Assets Under Split-Interest Agreements
Mutual Funds - Large Cap Equity 69,324 69,324
Mutual Funds - Mid Cap Equity 7,544 7,544
Mutual Funds - Small Cap Equity 7,349 7,349
Mutual Funds - International Equity 21,387 21,387
Mutual Funds - Income and Bond Funds 48,865 48,865
Money Market Funds 6,012 6,012
Saving s Accounts 10,298 10,298
170,779 170,779
Total Financial Assets $ 338,570 $ 338,570 $ $

Financial Liabilities
Liabilities Under Split-Interest Agreements $ 76,266 $ 76,266 $ $

2016
Fair Value Level 1 Level2 Level 3
Financial Assets
Investments
Equity Securities $ 119,996 $ 119,996 $ $

Assets Under Split-Interest Agreements
Mutual Funds - Large Cap Equity 64,688 64,688
Mutual Funds - Mid Cap Equity 6,717 6,717
Mutual Funds - Small Cap Equity 7,640 7,640
Mutual Funds - International Equity 18,621 18,621
Mutual Funds - Income and Bond Funds 48 ,488 48,488
Money Market Funds 2,888 2,888
Savings Accou nts 10,090 10,090
159,132 159,132
Total Financial Assets $ 279,128 $ 279,128 $ $

Financial Liabilities
Liabilities Under Split-Interest Agreements $ 80,350 $ 80,350 $ $

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NATIONAL LEGAL AND POLICY CENTER

NOTES TO FINAN CIAL STATEMENTS
DECEMBER 31 , 2017 AND 2016

5. FAIR VALUE MEASUREMENTS (continued)

Equity securities consist primarily of common stocks of large U.S. corporations. Based on its
analysis of the nature and risks of these equity securities, the Center has determined that presenting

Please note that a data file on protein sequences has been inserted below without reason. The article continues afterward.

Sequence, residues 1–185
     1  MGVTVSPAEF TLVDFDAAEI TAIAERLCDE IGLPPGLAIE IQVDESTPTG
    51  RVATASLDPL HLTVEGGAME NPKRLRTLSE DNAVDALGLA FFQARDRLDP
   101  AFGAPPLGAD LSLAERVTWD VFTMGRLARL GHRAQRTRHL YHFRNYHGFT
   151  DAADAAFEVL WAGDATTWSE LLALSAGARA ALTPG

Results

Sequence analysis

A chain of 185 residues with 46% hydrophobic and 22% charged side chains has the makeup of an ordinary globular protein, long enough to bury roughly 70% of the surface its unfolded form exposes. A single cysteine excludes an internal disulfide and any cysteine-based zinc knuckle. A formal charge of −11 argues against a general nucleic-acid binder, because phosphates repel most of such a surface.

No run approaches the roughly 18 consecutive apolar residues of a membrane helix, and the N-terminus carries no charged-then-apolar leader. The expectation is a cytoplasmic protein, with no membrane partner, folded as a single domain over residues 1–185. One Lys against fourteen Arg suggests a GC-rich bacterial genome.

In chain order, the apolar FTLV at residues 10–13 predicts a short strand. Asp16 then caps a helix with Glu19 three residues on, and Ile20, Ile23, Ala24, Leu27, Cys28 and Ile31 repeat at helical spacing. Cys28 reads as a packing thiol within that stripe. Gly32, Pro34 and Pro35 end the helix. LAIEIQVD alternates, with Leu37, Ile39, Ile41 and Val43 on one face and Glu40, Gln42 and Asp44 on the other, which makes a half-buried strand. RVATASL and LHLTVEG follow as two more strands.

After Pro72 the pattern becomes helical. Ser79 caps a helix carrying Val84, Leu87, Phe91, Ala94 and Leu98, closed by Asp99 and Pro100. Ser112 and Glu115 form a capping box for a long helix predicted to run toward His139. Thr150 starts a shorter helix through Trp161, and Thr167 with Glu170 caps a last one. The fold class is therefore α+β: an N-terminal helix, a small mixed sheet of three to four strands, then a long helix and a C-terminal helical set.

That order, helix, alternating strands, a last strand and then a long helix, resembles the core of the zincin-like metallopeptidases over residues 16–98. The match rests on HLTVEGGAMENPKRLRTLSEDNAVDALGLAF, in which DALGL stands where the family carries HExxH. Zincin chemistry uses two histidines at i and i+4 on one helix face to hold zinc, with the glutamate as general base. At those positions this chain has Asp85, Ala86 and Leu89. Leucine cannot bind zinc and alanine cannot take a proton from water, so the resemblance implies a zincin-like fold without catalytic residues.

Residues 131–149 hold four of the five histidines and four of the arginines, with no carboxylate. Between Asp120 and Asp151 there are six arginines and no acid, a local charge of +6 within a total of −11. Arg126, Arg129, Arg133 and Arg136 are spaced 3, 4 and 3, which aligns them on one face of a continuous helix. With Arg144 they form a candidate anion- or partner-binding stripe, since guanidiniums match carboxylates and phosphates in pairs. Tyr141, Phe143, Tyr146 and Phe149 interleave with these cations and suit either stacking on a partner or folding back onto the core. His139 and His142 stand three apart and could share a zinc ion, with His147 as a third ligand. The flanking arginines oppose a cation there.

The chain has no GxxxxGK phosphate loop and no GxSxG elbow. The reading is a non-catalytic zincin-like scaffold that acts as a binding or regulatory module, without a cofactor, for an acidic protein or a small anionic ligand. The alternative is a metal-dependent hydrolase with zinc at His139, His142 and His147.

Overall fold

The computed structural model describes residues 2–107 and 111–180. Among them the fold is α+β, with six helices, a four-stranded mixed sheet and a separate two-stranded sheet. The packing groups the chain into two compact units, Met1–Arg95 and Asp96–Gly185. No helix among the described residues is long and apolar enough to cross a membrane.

them as a single class is appropriate.

We evaluated the significance of transfers between the levels based upon the nature of the financial
instrument and size of the transfer relative to the total investments. For the years ended
December 31 , 2017 and 2016, there were no transfers in or out of Levels 1, 2 or 3.

The Center invests in various investment securities. Investment securities are exposed to various
risks such as interest rate, market and credit risks. Due to the level of risk associated with certain
investment securities, it is at least reasonably possible that changes in the value of the investment
securities will occur in the near term and such changes could materially affect the Center's
investments and the amounts reported in the statements of financial position and the statements of
activities and changes in net assets.

6. SPLIT-INTEREST AGREEMENTS

Contributions for split-interest agreements were as follows for the years ended December 31:

2017 2016
Unrestricted contributions $ $ 7,430
Temporarily restricted contributions
$ $ 7,430

7. TAX-DEFERRED ANNUITY PLAN

The Center has a tax-deferred annuity plan (the Plan) qualified under Section 403(b)(7) of the IRC.
The Plan covers full-time employees of the Center. Employees may make contributions to the Plan
up to the maximum allowed by the IRC. The Center made a discretionary contribution at year end
equa l to 100 percent of employee deferrals. Contributions to the Plan by the Center for the years
ended December 31 , 2017 and 2016 were $52,400 and $50,400, respectively.

8. LIFE INSURANCE

The Center owns term life insurance policies on the lives of the President and Chairman, where the
Center is the beneficiary. The face values of the policies range from $1 ,000,000 for the Chairman to
$2,500,000 for the President.

9. LINE OF CREDIT

During 2016, the Center opened a $476,000 line of credit, which is secured by the Center's office
building. The line of credit accrues interest at the Wall Street Journal Prime rate plus 0.25 percent
payable monthly. The line matured on February 28, 2018 and was not renewed . The agreement
required the Center to meet certain debt covenants. There were no draws on the line of credit during
201 7 and there was no balance on the line of credit at December 31, 2017.

10. SUBSEQUENT EVENT

During 2018, the Center's Chairman passed away, and the Center received the proceeds from the
Chairman's life insurance policy of approximately $1 ,000,000.